According to the New York Times, “The signs at the corner of Ninth Avenue and West 41st Street have an unbelievable, you-gotta-be-kidding quality, like free beer or affordable housing — 99¢ Fresh Pizza. Like many things in New York City, they are also too good to be true. They are off by a penny, as one slice actually costs one dollar.”
“Seven days a week, 24 hours a day, New Yorkers stand at the outdoor counter of 99¢ Fresh Pizza and pay as much for a plain slice as they did for a subway fare in 1986. At $1.50, the fee to use the sidewalk A.T.M. nearby is more expensive. This being a city with a 10.4 percent unemployment rate in January, this being a recession, there is no such thing as change that is spare. Customers, taking the signs at their word, have been known to ask for a penny back after paying with a dollar bill. ‘I give them penny,’ explained Mohammad Hossain, a manager at the pizza shop.”
“No pennies change hands one block down Ninth Avenue, at West 40th Street, where the competition posted signs of their own: ‘Pizza, $1.00 per slice, tax included.’ Postal workers, teenagers and businessmen step into the 24-hour 2 Bros. Pizza, $5 bills in hand. Allegiances have formed. Trash has been talked. A cabdriver said he preferred 99¢ Fresh over 2 Bros., because it was easier to find street parking outside 99¢ Fresh. A patron of 2 Bros. prefers their sauce over the sauce up the block. Each establishment has the same daily special: Two slices and a can of soda for $2.75, which is what most places charge for a single slice. There is indoor seating at 2 Bros., but none at 99¢ Fresh. There is grated parmesan on the counter at 99¢ Fresh, but none at 2 Bros.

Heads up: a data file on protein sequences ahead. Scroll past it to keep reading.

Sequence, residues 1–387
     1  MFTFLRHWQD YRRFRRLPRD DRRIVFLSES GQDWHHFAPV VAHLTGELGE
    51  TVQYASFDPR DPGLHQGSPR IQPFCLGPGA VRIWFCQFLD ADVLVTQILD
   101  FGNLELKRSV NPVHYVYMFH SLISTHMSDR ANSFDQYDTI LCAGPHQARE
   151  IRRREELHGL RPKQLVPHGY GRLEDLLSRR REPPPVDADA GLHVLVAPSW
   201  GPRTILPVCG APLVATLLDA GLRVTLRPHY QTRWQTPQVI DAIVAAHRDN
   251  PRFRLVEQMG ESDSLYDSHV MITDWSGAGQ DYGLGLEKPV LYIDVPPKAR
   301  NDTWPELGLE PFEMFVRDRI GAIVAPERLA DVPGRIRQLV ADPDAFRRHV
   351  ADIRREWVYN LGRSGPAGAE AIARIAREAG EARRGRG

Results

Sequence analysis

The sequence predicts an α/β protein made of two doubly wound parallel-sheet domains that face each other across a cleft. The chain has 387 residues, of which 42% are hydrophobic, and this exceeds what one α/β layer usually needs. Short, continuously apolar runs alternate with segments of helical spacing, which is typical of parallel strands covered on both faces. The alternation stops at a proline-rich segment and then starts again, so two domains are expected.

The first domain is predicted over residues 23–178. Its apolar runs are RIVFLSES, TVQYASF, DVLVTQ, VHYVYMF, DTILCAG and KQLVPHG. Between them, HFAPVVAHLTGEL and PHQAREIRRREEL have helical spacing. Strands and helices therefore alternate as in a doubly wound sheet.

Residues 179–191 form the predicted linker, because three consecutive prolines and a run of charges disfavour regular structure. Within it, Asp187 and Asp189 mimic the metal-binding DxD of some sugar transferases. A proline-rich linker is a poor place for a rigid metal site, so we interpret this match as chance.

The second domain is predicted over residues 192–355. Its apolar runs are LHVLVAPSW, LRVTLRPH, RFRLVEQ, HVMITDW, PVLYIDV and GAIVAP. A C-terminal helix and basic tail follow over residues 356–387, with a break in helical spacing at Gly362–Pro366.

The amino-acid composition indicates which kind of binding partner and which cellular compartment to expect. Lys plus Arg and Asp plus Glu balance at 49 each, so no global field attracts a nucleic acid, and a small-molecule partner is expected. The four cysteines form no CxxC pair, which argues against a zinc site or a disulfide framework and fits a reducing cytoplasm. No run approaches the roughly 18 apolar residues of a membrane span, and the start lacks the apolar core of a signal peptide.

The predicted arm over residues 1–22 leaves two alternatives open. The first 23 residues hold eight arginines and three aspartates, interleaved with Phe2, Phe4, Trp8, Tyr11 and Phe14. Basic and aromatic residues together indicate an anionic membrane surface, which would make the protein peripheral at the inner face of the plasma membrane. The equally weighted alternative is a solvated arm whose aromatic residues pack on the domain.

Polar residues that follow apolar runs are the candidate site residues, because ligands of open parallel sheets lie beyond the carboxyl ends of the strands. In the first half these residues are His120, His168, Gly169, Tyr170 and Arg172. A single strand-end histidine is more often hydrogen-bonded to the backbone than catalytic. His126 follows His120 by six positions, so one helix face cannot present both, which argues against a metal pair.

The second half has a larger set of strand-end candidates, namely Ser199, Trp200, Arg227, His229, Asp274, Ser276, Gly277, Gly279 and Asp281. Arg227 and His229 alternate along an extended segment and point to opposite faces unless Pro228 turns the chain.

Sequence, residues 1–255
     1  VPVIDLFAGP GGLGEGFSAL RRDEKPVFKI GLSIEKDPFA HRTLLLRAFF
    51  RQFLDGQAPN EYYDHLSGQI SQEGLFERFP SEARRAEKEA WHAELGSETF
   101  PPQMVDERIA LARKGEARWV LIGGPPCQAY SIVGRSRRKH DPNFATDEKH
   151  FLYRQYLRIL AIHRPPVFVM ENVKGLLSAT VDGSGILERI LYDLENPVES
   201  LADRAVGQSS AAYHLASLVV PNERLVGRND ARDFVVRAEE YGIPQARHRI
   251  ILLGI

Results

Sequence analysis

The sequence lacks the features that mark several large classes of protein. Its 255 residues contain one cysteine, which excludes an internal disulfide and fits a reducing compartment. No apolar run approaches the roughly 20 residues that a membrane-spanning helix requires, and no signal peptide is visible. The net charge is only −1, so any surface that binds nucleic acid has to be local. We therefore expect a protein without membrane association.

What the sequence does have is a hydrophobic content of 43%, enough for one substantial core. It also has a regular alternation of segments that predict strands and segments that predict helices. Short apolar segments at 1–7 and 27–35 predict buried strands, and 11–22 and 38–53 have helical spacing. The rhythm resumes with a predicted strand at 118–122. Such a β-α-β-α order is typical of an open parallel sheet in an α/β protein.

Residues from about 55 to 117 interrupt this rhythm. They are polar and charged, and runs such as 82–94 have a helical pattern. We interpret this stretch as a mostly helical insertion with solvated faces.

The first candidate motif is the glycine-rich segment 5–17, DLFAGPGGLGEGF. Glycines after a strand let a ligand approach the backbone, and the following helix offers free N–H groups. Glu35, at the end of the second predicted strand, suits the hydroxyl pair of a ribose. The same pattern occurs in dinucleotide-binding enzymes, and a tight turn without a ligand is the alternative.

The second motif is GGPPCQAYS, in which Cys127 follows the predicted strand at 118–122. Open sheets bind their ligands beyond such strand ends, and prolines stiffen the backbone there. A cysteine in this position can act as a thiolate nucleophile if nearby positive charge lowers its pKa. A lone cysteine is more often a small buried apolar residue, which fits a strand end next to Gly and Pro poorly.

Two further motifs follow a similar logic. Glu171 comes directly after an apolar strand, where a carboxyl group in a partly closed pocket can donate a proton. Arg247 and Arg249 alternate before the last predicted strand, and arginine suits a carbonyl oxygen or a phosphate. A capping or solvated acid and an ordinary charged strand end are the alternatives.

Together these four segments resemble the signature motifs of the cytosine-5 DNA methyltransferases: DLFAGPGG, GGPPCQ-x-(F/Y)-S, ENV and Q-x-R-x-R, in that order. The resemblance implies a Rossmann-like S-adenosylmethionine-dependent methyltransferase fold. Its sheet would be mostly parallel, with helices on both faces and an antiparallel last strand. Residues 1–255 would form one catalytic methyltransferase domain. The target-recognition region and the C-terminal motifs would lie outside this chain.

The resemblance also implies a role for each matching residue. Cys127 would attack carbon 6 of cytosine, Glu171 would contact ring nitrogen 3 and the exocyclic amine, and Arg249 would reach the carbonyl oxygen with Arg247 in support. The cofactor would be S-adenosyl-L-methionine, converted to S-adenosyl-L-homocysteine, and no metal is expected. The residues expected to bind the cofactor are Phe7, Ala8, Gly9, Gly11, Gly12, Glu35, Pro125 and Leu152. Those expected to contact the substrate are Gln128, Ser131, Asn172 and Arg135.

“Asked who opened first, Mr. Hossain was adamant, perhaps even offended: ‘This is first! This is first!’ In New York City, the domain of the $1,000 omelet (Norma’s, at Le Parker Meridien Hotel) and the $41 burger (Old Homestead Steakhouse), the dollar wars between 99¢ Fresh and 2 Bros. are an unlikely development.The shops are two of a growing number of New York delis and pizzerias offering $1 slices, a phenomenon that has delighted, dismayed and disturbed pizza lovers, food bloggers and rival pizzeria owners while defying a basic fundamental of the city’s economy — charging as much as you can whenever and wherever you can. About 15 eateries around the city now sell dollar slices of pizza. The owners of 99¢ Fresh and 2 Bros. have turned bargain pizza into a business model: There are four 99¢ Fresh shops in Manhattan, and four 2 Bros., too. Next month, 99¢ fresh will open its fifth shop on 34th Street near Third Avenue.”